Though the books  in the series are chronological, each is a complete volume so that they could potentially be read out of order (as I did with some when younger). The Letter, the Witch, and the Ring is actually my favorite so far. No offense to Lewis, but as a girl I find Rose Rita a more appealing protagonist, who is always willing to seek out adventure. The plot also had a closer resemblance to a mystery. I love that in a 1950 setting she still gets accused of reading too much Nancy Drew!

As in previous books, Bellairs focuses on a personal issue in addition to the main plot. Here tomboy Rose Rita struggles with the fact that she will be entering junior high as a seventh grader in the fall. She wonders if dances and skirts will have to replace her love of baseball, and worries that others expect her friendship with Lewis to change. There aren’t any easy answers, but she does need to learn that the important thing is to be comfortable with who she is.

The Letter, the Witch, and the Ring, which is my third book for the R.I.P. IV Challenge, is the last Bellairs himself wrote about these characters. If I have time before the end of the month I’d like to squeeze in one more.

Published in: on October 27, 2009 at 11:21 pm  Comments (3)  
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The Mayor of Casterbridge

Sorry this is so overdue–I finished The Mayor of Casterbridge two weeks ago and am only now trying to turn my notes into a coherent review. It always seems that the more there is to say about a book, the more trouble I have doing so!

He experienced not only the bitterness of a man who finds, in looking back upon an ambitious course, that what he had sacrificed in sentiment was worth as much as he had gained in substance; but the superadded bitterness of seeing his very recantation nullified. He had been sorry for all this long ago; but his attempts to replace ambition by love had been as fully foiled as his ambition itself.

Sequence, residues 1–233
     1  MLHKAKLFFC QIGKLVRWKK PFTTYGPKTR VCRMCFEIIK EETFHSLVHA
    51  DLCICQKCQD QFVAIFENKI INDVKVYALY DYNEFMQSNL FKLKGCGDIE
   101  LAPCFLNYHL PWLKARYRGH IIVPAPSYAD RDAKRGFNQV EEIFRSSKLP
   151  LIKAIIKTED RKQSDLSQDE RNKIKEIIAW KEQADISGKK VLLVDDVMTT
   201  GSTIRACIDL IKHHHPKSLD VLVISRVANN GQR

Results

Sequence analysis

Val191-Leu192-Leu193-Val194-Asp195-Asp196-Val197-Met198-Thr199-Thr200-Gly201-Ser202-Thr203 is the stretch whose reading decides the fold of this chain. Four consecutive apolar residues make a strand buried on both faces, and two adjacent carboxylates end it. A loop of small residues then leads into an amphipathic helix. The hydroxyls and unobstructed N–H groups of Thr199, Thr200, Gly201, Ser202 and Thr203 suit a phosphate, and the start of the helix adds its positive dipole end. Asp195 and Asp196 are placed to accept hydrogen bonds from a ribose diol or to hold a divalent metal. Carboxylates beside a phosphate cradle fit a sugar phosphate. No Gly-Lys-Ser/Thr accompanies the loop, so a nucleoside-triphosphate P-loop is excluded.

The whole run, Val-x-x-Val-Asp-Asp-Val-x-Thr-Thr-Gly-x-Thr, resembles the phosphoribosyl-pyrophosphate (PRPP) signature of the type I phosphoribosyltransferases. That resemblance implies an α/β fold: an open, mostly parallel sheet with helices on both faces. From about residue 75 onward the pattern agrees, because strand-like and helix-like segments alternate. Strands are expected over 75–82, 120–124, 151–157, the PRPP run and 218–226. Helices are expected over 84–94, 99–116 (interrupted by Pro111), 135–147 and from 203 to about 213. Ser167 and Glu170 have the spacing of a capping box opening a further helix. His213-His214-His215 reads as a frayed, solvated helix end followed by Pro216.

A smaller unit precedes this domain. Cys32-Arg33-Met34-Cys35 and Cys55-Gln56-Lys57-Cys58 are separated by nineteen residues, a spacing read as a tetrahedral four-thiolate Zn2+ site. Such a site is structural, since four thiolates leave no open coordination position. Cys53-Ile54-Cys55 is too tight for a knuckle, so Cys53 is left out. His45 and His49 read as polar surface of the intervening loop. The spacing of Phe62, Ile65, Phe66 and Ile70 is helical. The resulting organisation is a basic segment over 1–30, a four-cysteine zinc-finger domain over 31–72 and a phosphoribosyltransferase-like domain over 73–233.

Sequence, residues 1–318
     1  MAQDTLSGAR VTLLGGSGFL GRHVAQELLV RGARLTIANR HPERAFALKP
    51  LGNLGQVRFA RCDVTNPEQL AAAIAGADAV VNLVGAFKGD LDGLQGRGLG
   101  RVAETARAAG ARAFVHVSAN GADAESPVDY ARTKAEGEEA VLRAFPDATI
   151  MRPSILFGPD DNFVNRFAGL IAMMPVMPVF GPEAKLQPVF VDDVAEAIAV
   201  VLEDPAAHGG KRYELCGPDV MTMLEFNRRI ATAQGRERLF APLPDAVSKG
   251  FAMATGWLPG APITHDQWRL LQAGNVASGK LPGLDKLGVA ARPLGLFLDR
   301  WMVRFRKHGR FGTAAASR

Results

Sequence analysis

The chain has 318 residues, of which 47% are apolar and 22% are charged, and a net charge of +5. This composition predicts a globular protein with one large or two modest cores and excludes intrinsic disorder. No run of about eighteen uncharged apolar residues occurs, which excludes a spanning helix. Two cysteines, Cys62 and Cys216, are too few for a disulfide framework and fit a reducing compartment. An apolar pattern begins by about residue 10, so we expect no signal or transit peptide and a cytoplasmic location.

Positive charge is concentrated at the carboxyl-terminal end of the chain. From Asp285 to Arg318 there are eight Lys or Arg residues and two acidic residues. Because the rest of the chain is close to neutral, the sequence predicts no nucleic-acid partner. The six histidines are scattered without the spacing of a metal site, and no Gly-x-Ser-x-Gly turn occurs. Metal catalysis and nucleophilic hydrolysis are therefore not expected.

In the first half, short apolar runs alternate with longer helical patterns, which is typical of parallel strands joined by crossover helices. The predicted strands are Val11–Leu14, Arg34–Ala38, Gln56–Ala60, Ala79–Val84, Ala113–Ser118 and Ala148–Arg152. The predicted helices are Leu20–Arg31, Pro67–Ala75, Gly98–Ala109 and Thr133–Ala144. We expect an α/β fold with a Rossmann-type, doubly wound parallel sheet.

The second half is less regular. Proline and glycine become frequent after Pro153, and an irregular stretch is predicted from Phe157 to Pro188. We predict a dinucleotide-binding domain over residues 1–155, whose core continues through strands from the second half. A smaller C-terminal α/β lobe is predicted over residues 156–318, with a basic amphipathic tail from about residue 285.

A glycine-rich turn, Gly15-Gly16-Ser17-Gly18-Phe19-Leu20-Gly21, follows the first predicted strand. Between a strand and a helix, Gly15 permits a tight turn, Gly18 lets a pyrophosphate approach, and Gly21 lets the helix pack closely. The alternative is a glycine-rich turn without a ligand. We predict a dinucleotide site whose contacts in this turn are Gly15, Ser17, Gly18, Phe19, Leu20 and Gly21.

I read Tess of the D’Urbervilles last summer knowing absolutely nothing about Thomas Hardy or the book. I quickly fell in love with the complicated characters, a reaction only heightened by watching the adaptation (thoughts here and here, but plenty of spoilers as well). Having read all I could about Tess means that I went into The Mayor of Casterbridge with a deeper understanding of Hardy’s favorite themes and plot devices. So forgive me if I make occasional comparisons, as that is in part how I made sense of the novel.

The mayor of Casterbridge is Michael Henchard. Twenty years ago he was a lowly hay trusser who sold his wife and daughter at an auction while drunk (not a spoiler); now he has become a successful and respected grain merchant whom fortune has treated well. His luck and status seem to change however, when a few newcomers arrive. His wife Susan and daughter Elizabeth-Jane come to claim his support as a “kinsman,” and Scotsman Donald Farfrae joins his staff as business manager. These events start a chain of interactions that last throughout the novel, as Hardy deftly reveals the complexities of Henchard’s character.